Open Government Partnership and National Action Plan

 

Open Government


The Organisation for Economic Co-operation and Development (OECD) describes on its website that:

People are demanding transparency, accountability, access to information and competent service delivery from their governments. They also expect policies and services to be tailored to their needs and address their concerns.

Open government - the opening up of government processes, proceedings, documents and data for public scrutiny and involvement - is now considered as a fundamental element of a democratic society. Both greater transparency and public participation can not only lead to better policies and services, they can also promote public sector integrity, which is essential to regaining the trust of citizens in the neutrality and reliability of public administrations.

Open Government and the FOI Act


A significant component to achieving Open Government is legislation to enshrine a person’s right to access information and to require agencies to assist the public in that process.  The public expects government decision-making to be open, transparent and accountable and the Freedom of Information Act 1992 (WA) (the FOI Act) represents part of WA Parliament’s commitment to realising that expectation.

In section 3 of the FOI Act, Parliament makes it clear that the objects of the Act are to enable the public to participate more effectively in governing the State and to make the persons and bodies that are responsible for State and local government more accountable to the public.

The Supreme Court of Western Australia noted in Water Corporation v McKay [2010] WASC 210 per Martin J at paragraph 38 that the objects of the FOI Act ‘form the essential bedrock of open, democratic government whose policy importance cannot be overstated’.

Open Government Partnership and National Action Plan


The multilateral Open Government Partnership (OGP) was created to secure commitments from governments to promote transparency, empower citizens, fight corruption, and harness technologies to strengthen governance. There are now 70 countries – including Australia – participating in the OGP.

National Action Plan


On 7 December 2016, the Australian Government announced the finalisation of Australia’s first Open Government National Action Plan. The Plan contains 15 ambitious commitments focused on: transparency and accountability in business; open data and digital transformation; access to government information; integrity in the public sector; and public participation and engagement.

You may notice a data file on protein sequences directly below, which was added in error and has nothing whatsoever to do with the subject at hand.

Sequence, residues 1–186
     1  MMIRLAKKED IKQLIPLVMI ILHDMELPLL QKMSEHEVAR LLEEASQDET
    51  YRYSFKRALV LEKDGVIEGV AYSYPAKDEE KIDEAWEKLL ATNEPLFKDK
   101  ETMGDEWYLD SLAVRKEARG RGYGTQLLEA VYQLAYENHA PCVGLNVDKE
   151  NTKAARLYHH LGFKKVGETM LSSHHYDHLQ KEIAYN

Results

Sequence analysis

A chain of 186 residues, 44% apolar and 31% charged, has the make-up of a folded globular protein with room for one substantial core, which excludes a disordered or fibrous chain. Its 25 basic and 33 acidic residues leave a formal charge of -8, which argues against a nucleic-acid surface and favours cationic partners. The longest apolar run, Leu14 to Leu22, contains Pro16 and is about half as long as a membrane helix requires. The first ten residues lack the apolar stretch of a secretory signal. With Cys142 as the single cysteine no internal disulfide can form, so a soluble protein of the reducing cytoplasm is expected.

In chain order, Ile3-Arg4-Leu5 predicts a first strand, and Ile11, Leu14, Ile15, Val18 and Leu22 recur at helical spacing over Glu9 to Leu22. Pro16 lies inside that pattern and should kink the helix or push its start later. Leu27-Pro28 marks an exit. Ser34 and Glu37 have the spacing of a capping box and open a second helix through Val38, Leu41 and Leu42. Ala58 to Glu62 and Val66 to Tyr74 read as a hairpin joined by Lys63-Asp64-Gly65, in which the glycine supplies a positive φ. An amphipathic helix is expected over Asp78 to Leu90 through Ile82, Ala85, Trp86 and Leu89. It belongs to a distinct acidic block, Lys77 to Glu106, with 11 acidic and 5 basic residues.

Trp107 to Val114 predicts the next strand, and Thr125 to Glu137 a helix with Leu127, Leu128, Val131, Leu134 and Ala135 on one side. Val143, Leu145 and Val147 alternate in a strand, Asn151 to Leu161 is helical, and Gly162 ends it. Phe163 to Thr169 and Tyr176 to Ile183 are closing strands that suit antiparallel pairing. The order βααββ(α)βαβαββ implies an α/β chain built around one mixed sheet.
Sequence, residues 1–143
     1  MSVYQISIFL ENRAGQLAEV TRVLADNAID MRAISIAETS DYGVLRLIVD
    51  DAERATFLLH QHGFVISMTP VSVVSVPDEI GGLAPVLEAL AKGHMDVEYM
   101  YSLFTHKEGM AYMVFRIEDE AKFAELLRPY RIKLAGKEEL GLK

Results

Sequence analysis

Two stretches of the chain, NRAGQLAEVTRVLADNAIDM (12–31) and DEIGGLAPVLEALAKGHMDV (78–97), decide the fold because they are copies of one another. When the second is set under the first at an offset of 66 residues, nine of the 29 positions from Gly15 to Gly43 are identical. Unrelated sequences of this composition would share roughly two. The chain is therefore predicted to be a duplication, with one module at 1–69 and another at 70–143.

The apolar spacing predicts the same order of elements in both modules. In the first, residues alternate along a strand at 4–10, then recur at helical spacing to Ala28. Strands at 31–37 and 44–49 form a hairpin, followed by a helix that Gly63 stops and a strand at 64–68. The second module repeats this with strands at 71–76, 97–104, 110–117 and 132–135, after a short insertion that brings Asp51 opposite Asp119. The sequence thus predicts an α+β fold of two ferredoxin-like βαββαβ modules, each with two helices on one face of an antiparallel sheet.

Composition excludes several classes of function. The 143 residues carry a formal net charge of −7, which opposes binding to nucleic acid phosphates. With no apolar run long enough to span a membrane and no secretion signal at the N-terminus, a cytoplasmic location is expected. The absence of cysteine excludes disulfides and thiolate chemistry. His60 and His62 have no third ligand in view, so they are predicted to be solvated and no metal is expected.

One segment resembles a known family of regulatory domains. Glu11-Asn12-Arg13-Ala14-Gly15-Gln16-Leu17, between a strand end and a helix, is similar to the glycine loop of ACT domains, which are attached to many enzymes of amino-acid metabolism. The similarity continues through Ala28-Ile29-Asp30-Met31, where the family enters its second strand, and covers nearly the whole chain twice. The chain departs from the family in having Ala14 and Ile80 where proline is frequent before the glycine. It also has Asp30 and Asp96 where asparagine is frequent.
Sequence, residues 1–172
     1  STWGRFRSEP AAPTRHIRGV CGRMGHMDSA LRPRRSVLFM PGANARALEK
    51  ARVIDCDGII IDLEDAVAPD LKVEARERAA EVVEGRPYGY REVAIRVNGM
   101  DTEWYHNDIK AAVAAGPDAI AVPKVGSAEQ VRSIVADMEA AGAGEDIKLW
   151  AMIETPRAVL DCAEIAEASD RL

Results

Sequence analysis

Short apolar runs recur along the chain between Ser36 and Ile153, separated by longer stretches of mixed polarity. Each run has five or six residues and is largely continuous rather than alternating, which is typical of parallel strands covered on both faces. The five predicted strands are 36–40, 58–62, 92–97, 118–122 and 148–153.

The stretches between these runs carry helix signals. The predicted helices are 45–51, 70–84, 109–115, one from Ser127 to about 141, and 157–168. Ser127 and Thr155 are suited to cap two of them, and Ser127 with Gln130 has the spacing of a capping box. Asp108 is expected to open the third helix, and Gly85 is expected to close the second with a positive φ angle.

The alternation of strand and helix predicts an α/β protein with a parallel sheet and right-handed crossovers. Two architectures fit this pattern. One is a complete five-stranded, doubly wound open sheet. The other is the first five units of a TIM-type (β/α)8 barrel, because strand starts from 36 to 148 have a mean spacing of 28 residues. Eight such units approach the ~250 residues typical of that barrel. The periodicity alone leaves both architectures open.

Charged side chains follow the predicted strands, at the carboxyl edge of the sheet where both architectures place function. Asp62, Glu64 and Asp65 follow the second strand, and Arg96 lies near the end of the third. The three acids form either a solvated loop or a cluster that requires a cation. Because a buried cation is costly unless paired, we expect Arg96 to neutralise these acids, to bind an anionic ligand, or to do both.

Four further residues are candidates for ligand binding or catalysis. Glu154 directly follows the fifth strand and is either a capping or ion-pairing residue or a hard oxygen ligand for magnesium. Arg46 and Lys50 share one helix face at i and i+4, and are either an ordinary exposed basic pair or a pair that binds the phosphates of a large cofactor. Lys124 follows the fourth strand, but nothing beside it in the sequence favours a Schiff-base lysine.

State and Territory Information Access Commissioners and Ombudsmen, led by New South Wales, contributed to the development of the Plan through the inclusion of Commitment 3.2 on information access rights utilisation.

Development of national metrics


Under Commitment 3.2, the NSW Information Commissioner is leading work by Australian Information Commissioners and Ombudsmen to develop (within the remit of their jurisdictions) uniform metrics on public use of freedom of information access rights and the collection and publication of this data. The objective is that Australia will better measure and improve our understanding of the public’s use of rights under freedom of information laws.

The scope of the metrics cover:

Type of applicant
Application rates per capita
Release rates
Refusal rates
Timeliness
Review rates

They are published here.

In line with the milestones for Commitment 3.2 detailed in the National Action Plan, over the next few months NSW will lead a validation and pilot process for data collection and presentation, for release of the first data report using the metrics by the end of 2017.

Further information on Australia’s involvement in the OGP, including the Plan, is available at ogpau.pmc.gov.au